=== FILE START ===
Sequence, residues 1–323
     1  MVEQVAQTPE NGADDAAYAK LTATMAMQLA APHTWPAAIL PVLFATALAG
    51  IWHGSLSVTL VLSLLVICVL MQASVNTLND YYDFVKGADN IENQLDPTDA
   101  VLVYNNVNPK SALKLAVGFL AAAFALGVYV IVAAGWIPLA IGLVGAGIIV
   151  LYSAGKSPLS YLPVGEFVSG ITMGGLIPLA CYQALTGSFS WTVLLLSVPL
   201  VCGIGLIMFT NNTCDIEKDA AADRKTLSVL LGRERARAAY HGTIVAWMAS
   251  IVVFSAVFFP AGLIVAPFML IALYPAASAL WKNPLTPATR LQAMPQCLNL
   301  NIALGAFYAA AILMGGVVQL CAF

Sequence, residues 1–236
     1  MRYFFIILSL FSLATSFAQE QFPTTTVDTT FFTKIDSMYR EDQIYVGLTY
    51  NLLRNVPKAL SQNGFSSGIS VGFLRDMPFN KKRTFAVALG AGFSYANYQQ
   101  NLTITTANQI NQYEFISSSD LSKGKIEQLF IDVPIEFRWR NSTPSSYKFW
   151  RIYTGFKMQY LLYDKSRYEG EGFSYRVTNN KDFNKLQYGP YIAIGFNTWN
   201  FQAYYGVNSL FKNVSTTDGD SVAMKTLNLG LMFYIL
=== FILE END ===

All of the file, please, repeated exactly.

Sequence, residues 1–323
     1  MVEQVAQTPE NGADDAAYAK LTATMAMQLA APHTWPAAIL PVLFATALAG
    51  IWHGSLSVTL VLSLLVICVL MQASVNTLND YYDFVKGADN IENQLDPTDA
   101  VLVYNNVNPK SALKLAVGFL AAAFALGVYV IVAAGWIPLA IGLVGAGIIV
   151  LYSAGKSPLS YLPVGEFVSG ITMGGLIPLA CYQALTGSFS WTVLLLSVPL
   201  VCGIGLIMFT NNTCDIEKDA AADRKTLSVL LGRERARAAY HGTIVAWMAS
   251  IVVFSAVFFP AGLIVAPFML IALYPAASAL WKNPLTPATR LQAMPQCLNL
   301  NIALGAFYAA AILMGGVVQL CAF

Sequence, residues 1–236
     1  MRYFFIILSL FSLATSFAQE QFPTTTVDTT FFTKIDSMYR EDQIYVGLTY
    51  NLLRNVPKAL SQNGFSSGIS VGFLRDMPFN KKRTFAVALG AGFSYANYQQ
   101  NLTITTANQI NQYEFISSSD LSKGKIEQLF IDVPIEFRWR NSTPSSYKFW
   151  RIYTGFKMQY LLYDKSRYEG EGFSYRVTNN KDFNKLQYGP YIAIGFNTWN
   201  FQAYYGVNSL FKNVSTTDGD SVAMKTLNLG LMFYIL